Fast Image Transfer
Fast transmission of high-resolution images over the Internet is one of the cornerstones of telemedicine. When you need to quickly transfer tens of gigabytes of information from one clinic to another, the question arises of how to compress images quickly while keeping their high quality. The industry standard for data transmission, DICOM, is widely used in medicine. And the most advanced compression algorithms today are considered to be:
FLIF — the most efficient lossless compression;
WebP — algorithm from Google engineers;
Deflate — developed by Phil Katz, Creator of ZIP and PKZIP.
According to research company MarketsandMarkets, the market for medical software solutions based on artificial intelligence will be estimated at $45.5 billion by 2026. Despite the fact that the introduction of AI in healthcare is hindered by numerous regulatory barriers and concerns, this technology is gradually strengthening its position.
“It is quite difficult to implement artificial intelligence. And implementing AI quality control is a completely different level of understanding. I think we'll come to that, too. Due to all this hype many believe that AI is always right when it comes to diagnostics. Of course, it is not the case. One shall enter technical control of the software operation. It is an open niche, so quality control will be the next important step,” said Alex Moiseev, Ph.D. in Physics and Mathematics and the Head of the Medical Physics Department.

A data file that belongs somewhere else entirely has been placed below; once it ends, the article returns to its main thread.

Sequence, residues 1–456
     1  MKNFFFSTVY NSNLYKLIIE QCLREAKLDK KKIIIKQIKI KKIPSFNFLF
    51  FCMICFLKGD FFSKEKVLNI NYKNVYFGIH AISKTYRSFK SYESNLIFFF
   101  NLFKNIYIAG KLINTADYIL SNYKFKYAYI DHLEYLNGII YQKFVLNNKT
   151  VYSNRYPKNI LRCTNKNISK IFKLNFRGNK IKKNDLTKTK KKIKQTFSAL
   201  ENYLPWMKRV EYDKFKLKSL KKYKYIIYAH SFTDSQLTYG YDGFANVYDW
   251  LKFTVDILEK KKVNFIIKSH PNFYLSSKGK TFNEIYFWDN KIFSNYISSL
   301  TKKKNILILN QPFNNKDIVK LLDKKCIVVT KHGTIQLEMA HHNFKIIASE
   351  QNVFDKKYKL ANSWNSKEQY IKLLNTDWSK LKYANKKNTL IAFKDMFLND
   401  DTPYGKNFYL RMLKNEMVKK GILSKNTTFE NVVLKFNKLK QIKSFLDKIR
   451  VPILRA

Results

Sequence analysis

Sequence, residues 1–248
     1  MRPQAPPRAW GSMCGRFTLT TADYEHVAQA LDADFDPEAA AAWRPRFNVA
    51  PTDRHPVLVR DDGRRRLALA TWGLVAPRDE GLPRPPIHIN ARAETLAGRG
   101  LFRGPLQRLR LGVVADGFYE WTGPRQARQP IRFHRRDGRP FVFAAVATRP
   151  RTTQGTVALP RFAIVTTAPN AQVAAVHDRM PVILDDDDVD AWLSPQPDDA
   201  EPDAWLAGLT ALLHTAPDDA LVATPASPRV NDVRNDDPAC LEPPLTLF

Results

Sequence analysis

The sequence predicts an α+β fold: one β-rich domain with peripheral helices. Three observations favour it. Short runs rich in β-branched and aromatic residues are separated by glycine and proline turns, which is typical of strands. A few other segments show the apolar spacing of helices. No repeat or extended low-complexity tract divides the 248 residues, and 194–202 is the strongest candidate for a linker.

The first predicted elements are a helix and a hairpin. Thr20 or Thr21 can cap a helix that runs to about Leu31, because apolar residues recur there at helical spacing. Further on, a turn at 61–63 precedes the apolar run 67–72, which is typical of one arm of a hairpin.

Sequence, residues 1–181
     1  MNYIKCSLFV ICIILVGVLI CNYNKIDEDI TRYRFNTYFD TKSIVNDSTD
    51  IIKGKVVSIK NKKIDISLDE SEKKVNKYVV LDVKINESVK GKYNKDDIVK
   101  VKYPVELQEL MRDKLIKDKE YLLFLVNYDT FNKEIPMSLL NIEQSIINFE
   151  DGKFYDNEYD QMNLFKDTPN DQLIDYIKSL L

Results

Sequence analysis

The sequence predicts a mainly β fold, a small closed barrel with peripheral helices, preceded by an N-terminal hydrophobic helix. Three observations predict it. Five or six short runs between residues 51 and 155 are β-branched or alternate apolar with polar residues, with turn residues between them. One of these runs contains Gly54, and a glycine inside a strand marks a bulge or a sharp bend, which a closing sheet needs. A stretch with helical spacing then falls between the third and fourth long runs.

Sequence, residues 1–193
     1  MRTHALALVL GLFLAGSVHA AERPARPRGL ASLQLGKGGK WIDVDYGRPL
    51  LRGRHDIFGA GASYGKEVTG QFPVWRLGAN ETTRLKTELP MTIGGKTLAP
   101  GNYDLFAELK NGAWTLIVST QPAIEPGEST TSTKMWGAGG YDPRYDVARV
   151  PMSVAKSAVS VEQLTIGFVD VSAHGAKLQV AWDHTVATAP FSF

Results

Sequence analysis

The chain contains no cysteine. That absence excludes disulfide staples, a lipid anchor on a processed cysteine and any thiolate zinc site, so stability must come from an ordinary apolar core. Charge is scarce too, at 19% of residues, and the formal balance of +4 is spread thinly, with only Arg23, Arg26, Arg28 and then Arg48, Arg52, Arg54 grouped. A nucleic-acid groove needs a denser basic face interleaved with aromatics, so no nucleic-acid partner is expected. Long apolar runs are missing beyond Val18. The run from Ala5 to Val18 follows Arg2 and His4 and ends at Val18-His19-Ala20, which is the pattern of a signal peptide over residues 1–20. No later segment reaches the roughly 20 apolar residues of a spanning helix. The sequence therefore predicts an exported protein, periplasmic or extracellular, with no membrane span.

German pharmaceutical company Boehringer Ingelheim together with Berg created artificial intelligence that accelerates the development of new drugs. And the American biotech company Moderna uses a neural network that works with matrix DNA and helps create a vaccine against COVID-19. In the future, this approach will allow us to quickly fight back against new viruses that threaten humanity.
Artificial intelligence has found application in radiation therapy. During the treatment procedure, you need to quickly get images, analyze them and make a decision: to continue or stop the procedure in order to correct something. Time for decision making is very short. AI allows you to speed up image processing and reconstruction, decision-making, and session adjustments right during the session.